On Guido Fawkes' e-petition for the restoration of capital punishment
It has been said by a number of recent prime ministers that the British government does not support the use of the death penalty, and that the UK advocates an end to the death penalty worldwide, regardless of the individual or the crime. Yet the last Labour government found itself simultaneously holding mutually-exclusive positions when foreign secretary Margaret Beckett greeted the execution of Saddam Hussein with these words:
I welcome the fact that Saddam Hussein has been tried by an Iraqi court for at least some of the appalling crimes he committed against the Iraqi people. He has now been held to account. We have made our position very clear to the Iraqi authorities, but we respect their decision as that of a sovereign nation.It is a curious moral philosophy which can simultaneously welcome the fact that the Iraqi dictator and his henchmen have ‘now been held to account’ whilst insisting that the United Kingdom, along with the rest of the European Union, opposes the death penalty in all circumstances.
Now that the Government has decided to move ahead with government-by-petition (the perils of which His Grace expounded 18 months ago), the prophesied front-runners (EU referendum and capital punishment) are making significant head way. The Express is leading on the EU, and Guido Fawkes is leading the call for the restoration of capital punishment. Both will easily garner the requisite 100,000 votes. But so would a petition calling for the establishment of sharia law, or another calling for a ban on mosque building. It will be for an élite committee of MPs to determine which debates will actually be permitted (those which may be deemed to cause ‘offence’ will not), and the criteria by which they will be assessed appears to be secret.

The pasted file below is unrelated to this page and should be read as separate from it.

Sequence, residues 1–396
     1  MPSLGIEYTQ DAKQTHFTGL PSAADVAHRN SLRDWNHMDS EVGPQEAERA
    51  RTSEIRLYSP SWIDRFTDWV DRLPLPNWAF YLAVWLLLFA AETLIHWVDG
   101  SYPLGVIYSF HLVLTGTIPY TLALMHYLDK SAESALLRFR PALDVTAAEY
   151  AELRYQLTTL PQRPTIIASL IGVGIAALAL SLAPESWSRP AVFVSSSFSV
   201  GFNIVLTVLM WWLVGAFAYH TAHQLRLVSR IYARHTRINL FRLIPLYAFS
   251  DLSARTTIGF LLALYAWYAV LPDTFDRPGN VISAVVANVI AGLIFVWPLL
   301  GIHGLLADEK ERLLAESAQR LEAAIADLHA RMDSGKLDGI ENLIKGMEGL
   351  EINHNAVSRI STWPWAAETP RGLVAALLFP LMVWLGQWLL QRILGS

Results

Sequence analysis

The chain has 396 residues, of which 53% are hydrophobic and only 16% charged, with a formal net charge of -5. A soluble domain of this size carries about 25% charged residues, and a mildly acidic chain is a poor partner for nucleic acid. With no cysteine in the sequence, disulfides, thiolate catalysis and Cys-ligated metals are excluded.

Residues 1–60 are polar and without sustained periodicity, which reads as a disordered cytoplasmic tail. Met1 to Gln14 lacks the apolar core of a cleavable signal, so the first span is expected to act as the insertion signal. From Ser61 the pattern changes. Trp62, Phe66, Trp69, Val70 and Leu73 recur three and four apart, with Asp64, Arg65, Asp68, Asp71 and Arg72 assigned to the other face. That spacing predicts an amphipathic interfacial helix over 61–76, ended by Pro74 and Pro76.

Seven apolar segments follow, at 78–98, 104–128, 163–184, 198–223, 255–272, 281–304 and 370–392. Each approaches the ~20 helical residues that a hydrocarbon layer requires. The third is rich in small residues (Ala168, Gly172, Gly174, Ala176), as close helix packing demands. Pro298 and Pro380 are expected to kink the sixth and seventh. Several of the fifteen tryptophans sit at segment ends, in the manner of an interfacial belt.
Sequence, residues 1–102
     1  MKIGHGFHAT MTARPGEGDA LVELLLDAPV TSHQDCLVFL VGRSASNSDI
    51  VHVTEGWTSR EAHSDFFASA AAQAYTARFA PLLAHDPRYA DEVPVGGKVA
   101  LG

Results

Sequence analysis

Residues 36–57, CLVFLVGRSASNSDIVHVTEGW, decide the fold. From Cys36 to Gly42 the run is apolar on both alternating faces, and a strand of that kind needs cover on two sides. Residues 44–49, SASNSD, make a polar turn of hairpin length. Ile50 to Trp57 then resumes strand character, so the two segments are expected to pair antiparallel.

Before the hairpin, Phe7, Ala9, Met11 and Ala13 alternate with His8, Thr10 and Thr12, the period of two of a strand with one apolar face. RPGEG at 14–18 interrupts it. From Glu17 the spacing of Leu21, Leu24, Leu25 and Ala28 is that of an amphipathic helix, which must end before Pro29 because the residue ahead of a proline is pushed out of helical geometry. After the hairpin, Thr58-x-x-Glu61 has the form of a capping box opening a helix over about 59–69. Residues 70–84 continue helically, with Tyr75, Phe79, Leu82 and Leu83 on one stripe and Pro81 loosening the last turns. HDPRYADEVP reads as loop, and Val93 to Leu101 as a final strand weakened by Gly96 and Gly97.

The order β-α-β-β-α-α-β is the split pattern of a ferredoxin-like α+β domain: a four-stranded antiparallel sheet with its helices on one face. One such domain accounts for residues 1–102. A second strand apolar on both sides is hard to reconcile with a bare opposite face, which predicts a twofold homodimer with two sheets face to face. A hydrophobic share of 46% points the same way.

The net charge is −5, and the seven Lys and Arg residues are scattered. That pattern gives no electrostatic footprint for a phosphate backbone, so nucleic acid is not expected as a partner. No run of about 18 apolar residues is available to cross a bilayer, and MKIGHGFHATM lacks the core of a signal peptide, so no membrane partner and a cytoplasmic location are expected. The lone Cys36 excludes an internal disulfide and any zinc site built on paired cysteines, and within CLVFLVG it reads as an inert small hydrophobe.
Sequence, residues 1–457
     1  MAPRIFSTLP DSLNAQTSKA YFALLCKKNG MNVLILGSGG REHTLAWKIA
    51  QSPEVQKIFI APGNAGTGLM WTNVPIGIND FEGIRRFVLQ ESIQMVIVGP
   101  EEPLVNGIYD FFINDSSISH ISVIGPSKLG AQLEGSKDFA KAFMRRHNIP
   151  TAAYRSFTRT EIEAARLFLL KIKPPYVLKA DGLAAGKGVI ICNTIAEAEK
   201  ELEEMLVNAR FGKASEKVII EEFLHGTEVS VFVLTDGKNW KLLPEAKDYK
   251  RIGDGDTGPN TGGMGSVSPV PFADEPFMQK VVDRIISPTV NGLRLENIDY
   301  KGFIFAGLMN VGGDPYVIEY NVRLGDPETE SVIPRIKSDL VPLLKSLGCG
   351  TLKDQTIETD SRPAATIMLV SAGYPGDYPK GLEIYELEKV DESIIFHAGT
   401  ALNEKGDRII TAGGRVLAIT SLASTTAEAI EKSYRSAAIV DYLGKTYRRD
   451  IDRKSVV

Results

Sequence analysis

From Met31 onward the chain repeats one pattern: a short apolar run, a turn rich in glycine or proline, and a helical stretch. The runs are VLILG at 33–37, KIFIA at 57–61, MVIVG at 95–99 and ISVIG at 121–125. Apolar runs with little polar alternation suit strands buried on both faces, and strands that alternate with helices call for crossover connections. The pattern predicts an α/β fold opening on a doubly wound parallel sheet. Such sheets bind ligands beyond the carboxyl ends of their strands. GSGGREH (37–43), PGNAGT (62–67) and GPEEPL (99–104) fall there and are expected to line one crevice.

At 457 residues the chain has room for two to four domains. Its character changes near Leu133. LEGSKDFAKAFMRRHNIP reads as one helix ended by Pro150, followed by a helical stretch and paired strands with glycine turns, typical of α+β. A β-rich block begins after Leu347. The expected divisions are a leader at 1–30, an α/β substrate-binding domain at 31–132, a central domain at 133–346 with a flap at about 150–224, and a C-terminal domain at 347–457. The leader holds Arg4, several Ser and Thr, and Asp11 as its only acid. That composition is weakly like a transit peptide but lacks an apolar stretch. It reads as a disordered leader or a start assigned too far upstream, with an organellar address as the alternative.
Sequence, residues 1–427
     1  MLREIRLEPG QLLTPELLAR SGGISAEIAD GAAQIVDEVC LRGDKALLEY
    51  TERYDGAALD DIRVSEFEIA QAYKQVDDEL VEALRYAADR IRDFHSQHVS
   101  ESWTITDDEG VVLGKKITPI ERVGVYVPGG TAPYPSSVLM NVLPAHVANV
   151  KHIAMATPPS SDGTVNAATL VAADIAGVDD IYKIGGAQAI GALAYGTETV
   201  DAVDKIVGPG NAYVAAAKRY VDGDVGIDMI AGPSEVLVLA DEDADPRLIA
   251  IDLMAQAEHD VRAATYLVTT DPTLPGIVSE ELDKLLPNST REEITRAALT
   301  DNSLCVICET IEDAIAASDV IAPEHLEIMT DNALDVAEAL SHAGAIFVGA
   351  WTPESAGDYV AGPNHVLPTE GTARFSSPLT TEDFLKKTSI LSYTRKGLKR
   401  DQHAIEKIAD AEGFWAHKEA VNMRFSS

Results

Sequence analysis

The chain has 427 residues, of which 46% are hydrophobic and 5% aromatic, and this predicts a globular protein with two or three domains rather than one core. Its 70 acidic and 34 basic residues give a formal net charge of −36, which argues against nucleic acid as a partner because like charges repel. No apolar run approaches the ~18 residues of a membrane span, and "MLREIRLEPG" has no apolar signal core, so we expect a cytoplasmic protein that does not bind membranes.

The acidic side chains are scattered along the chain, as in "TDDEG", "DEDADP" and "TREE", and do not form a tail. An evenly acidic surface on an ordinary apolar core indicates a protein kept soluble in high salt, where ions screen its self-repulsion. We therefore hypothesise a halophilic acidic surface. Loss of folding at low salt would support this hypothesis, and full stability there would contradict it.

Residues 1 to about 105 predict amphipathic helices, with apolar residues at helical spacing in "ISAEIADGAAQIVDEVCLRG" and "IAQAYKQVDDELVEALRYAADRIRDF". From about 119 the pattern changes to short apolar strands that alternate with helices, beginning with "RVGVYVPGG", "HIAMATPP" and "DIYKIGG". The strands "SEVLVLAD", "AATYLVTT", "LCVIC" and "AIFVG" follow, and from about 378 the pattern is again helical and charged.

His Grace’s blog, being concerned with that which is religio-political, will examine the theology of capital punishment and then seek to place it in the present socio-political context: that is to say His Grace will consider Guido’s e-petition theologically, politically and sociologically, and then he will give his judgement.
Theologically, Scripture is replete with vast sections which may be used to justify the power of the state to enact a sentence of death. The Old Testament is unequivocal in advocating the death penalty for certain crimes (eg Gen 9:6; Ex 21:12; 22:19; Lev 20:10, 13; Deut 22:24), and those people who quote ‘Thou shalt not kill’ (Ex 20:13) in an attempt to neuter the power of the state have no understanding of the context, purposes and functions of the Law. But the New Testament is frequently misquoted on this subject, with all manner of appeals to mercy overriding justice, not least because Jesus himself refused to condemn a woman caught in adultery (Jn 8:1-11). Those who seek to find scriptural support for the abolition of the death penalty also cite the Lord’s command not to judge others (Mt 7:1), and the fact that he ordered Simon Peter to put away his sword (Jn 18:10f). Taken to their logical conclusions, such interpretations would seek to abolish all courts of law and prohibit war in all circumstances. Those who are properly concerned with biblical exegesis will know that these scriptures are concerned with such matters as hypocrisy and assault: Jesus upheld the Mosaic law as it related to capital punishment (Mt 5:18-22).
St Paul makes it clear that secular rulers have the responsibility to protect those in their charge, and this involves punishing those who act unjustly. When a judge or magistrate inflicts punishment on a condemned person, he or she is not acting on his or her own behalf, but executing God’s own judgement. There is a distinction between afflicting or harming another and avenging, at God’s command, those who themselves inflict harm on others.
Romans 13:4 makes it clear that the secular ruler may use the sword: the ruler who keeps it sheathed while the wicked murder and massacre is guilty of injustice and of dishonouring God who appointed him or her to an office of authority. If it is justifiable to use the sword to defend one’s territory from outside aggression, how can it be unjustifiable not to use it to eradicate seditious intent from within? Of course, like the ‘Just War’, it must be a last resort and not entered into lightly: mercy must always be a consideration. But it is an idolatrous misreading of the NT to assert pacifism in all contexts, or to appeal to the universal ‘sanctity of human life’ of those who have no regard for the concept themselves.